Almost three years after Malaysia Airlines Flight MH370 disappeared with 239 people aboard, the most expensive underwater search in history has been called off, with the whereabout of the plane still a mystery.
Here are some of the key questions still swirling around MH370:
Q: Why has the search been halted?
A. The Australian-led undersea search, which was suspended Tuesday, operated on the assumption that MH370 went down somewhere in the remote southern Indian Ocean, based on satellite data.
The Australian, Chinese and Malaysian governments decided last year that once the designated 120,000 square kilometre (46,000 square miles) search zone -- four times the size of Belgium -- was fully scoured, the plug on the operation would be pulled unless promising new leads emerged.
No plane debris was found in the area.
Q: Was the search in the right area?
A. New research by international experts published in December concluded that the plane was not in the search zone but may be further north.
The zone was determined through analysis of signals from MH370, detected by a satellite, which indicated its last known location as somewhere along an arc sweeping north into Central Asia or south into the Indian Ocean.
Many next-of-kin believed the search was too narrowly focused and wanted it expanded.
Q: Will the search resume?
A. The December report identified an area of approximately 25 000 square kilometres with the highest probability of containing MH370 wreckage.
But Australia and Malaysia said it did not constitute a strong enough lead to extend the search as it did not offer a specific location for the missing aircraft.
A wing fragment was found on Reunion island, thousands of kilometres from the search zone in July 2015, and later confirmed as being from MH370 -- the first proof the plane met a violent end.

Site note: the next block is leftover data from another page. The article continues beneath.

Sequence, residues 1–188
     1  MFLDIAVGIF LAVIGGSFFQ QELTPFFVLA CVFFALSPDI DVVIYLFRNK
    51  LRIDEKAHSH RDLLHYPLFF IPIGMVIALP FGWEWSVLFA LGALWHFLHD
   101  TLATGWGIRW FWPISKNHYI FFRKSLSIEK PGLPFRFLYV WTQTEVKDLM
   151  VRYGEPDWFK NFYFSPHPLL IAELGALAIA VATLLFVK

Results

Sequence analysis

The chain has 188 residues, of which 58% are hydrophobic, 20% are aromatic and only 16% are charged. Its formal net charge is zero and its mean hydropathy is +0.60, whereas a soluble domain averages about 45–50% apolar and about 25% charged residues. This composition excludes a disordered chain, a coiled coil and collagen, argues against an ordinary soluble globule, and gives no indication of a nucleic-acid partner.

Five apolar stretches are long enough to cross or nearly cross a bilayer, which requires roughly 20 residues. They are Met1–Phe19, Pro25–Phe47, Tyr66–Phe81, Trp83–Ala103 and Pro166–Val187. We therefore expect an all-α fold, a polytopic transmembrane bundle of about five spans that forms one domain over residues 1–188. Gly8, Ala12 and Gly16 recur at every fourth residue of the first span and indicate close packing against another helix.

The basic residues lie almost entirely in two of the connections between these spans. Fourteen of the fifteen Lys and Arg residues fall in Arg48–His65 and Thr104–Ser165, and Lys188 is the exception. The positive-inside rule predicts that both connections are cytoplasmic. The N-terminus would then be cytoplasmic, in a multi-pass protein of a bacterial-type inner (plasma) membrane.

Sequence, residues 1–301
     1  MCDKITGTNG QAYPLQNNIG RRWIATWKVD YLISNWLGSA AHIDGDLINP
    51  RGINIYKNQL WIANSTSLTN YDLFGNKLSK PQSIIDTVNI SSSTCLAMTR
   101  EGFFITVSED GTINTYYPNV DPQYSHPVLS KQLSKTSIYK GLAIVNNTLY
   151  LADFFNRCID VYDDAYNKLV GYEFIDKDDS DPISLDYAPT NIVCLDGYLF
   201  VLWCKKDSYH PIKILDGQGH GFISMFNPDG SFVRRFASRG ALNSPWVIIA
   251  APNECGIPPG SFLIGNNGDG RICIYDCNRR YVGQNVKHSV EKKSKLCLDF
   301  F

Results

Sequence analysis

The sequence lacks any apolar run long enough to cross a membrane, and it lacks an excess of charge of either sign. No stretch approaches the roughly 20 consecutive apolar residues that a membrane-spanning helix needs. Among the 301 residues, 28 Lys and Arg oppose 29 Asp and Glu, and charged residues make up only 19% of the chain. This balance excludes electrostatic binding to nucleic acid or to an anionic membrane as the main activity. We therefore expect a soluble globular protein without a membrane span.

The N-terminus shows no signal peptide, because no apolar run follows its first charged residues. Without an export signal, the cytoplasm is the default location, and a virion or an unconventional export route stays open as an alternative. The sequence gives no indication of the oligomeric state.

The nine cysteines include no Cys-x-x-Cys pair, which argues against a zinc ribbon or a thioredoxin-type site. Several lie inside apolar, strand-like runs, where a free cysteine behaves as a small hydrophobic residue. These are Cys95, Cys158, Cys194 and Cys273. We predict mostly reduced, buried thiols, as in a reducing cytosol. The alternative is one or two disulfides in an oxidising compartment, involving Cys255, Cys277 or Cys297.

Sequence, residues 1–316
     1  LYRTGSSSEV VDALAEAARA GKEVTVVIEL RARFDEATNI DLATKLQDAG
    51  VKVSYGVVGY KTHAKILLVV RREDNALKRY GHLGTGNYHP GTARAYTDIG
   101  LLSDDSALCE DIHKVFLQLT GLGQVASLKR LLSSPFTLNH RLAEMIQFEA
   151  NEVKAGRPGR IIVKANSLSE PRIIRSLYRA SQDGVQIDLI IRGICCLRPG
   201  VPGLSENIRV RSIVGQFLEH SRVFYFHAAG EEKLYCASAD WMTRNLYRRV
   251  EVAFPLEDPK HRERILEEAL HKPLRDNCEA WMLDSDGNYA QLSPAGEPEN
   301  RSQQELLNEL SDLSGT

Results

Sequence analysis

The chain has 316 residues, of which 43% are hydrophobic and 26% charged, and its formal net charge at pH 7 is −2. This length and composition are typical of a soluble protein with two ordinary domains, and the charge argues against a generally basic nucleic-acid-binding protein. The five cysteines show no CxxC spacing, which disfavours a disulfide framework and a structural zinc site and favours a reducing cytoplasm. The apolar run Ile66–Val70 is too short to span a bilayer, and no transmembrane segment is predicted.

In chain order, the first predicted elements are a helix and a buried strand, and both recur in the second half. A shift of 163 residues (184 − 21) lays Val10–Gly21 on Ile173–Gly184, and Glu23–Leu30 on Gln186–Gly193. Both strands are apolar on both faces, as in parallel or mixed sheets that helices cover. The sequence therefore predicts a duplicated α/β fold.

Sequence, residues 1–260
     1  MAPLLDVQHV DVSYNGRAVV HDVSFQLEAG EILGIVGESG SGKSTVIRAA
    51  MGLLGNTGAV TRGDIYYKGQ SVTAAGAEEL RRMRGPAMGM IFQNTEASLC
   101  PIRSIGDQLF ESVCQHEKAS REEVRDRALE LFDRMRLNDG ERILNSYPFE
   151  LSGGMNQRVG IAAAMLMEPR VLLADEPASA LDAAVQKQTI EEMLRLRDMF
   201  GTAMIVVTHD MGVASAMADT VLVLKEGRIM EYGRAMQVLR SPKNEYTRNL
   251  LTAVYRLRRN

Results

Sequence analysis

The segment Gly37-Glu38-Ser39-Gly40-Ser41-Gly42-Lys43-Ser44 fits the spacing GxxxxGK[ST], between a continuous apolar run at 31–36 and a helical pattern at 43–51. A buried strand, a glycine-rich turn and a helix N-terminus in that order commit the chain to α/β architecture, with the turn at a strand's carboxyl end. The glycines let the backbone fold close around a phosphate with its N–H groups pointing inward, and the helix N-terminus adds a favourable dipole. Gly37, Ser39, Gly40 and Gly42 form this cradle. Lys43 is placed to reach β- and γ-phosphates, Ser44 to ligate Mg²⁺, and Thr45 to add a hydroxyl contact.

Debris found off Tanzania and Mauritius were last year also confirmed as coming from the missing jet. Several other pieces recovered mostly on western Indian Ocean shorelines have been identified as likely, though not definitely, from MH370.
Authorities have said the finds were consistent with oceanic currents that could have carried the wreckage from the search area.
Australia's transport minister said that should "credible new evidence" be found, the search may resume.
Q: What caused the disappearance?
A: Leading theories include a mechanical or structural failure, a hijacking or terror plot and rogue pilot action.
The Australian Transport Safety Bureau found the flight was likely out of control when it plunged into the ocean with wing flaps not prepared for landing.
The finding cast doubt on theories a pilot was still in charge.
A range of outlandish conspiracy ideas have been advanced. Suggestions have included that the plane was commandeered to be used as a "flying bomb" headed for the US military installation on Diego Garcia atoll -- and was shot down by the Americans -- or that it was flown to a Russian facility in Kazakhstan.
Q: Why are next-of-kin so suspicious?
A: Kuala Lumpur and the airline insist they are hiding nothing, but their credibility was damaged in the chaotic initial response.
Besides a series of contradictory early statements, there were miscues such as the revelation that Malaysian immigration allowed two Iranian men aboard on false passports. They were later said to be just illegal migrants.
Malaysia's air force also took days to reveal that it had tracked MH370 flying far to the west, wasting precious response time.
Families say the government and airline have routinely stonewalled requests for more information -- a charge they deny -- and many refuse to believe the plane crashed.
This is particularly true in China -- 153 Chinese nationals were aboard -- where distrust of officialdom under the Communist Party is ingrained.
Q: How rare are cases like this?
A: The Netherlands-based Aviation Safety Network, which tracks air incidents, reports only one other instance where a plane carrying more than 100 people disappeared without a trace.
That was in 1962 when a turbo-prop operated by US-based Flying Tiger Line and chartered by the US military disappeared en route from Guam to the Philippines with 107 people aboard.
Q: What will be MH370's aviation legacy?
A: A crucial factor in the mystery was the inability to monitor MH370's movements after tracking features were disabled as it went off course.
The International Civil Aviation Organisation (ICAO) has mandated that airlines implement systems by November 2018 to track aircraft at least every 15 minutes.
Some carriers such as Malaysia Airlines have already implemented the move.
The ICAO also plans to impose real-time tracking for aircraft in distress, according to reports.
It also has banned as a fire-risk the transport of lithium batteries in cargo holds -- MH370 carried a consignment of such batteries.